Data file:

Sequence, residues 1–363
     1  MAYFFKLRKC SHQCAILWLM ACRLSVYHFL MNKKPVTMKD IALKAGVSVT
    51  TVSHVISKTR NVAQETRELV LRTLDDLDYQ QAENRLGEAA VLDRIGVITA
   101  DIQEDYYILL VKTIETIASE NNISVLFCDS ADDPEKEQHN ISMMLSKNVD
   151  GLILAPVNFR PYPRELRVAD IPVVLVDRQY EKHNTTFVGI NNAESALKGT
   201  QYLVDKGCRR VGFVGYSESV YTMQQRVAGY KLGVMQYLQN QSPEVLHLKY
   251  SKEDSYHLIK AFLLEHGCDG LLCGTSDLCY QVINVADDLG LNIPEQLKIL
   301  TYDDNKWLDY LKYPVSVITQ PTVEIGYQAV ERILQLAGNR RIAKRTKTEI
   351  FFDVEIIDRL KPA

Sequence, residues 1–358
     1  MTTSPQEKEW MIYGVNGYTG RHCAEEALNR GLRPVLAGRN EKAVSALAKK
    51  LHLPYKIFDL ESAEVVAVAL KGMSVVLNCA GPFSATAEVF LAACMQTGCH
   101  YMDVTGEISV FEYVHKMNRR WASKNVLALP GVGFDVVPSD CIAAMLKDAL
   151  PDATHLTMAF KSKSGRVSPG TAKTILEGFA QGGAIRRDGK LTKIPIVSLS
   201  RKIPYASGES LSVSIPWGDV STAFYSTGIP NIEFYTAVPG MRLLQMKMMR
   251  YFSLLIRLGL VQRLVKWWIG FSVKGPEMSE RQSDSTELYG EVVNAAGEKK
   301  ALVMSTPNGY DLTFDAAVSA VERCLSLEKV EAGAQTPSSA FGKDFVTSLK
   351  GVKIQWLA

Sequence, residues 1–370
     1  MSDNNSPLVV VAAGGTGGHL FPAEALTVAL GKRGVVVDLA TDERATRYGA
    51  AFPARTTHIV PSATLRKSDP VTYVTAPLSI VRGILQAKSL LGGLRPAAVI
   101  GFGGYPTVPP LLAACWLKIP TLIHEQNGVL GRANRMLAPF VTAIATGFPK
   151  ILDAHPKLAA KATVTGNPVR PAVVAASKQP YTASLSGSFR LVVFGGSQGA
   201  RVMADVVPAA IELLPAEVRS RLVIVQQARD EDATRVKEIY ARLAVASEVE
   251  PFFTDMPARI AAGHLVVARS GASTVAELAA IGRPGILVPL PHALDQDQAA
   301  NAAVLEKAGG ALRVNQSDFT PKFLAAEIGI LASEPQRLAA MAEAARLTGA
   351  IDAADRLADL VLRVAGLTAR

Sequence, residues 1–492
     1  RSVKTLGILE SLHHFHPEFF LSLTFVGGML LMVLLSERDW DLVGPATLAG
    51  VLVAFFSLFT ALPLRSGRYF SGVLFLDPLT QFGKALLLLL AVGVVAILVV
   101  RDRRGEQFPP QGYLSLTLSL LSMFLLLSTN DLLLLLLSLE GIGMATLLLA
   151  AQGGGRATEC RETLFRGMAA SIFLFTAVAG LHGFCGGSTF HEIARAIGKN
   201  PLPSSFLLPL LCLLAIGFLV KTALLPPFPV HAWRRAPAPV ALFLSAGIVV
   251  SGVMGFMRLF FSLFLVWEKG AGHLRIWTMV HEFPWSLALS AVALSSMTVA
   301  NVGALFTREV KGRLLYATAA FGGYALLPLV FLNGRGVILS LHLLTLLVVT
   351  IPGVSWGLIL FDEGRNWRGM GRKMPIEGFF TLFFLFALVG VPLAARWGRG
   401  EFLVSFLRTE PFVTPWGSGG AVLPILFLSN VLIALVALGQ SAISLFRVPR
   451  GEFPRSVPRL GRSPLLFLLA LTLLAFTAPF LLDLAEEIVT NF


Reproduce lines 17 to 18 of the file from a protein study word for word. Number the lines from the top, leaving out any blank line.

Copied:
   301  ALVMSTPNGY DLTFDAAVSA VERCLSLEKV EAGAQTPSSA FGKDFVTSLK
   351  GVKIQWLA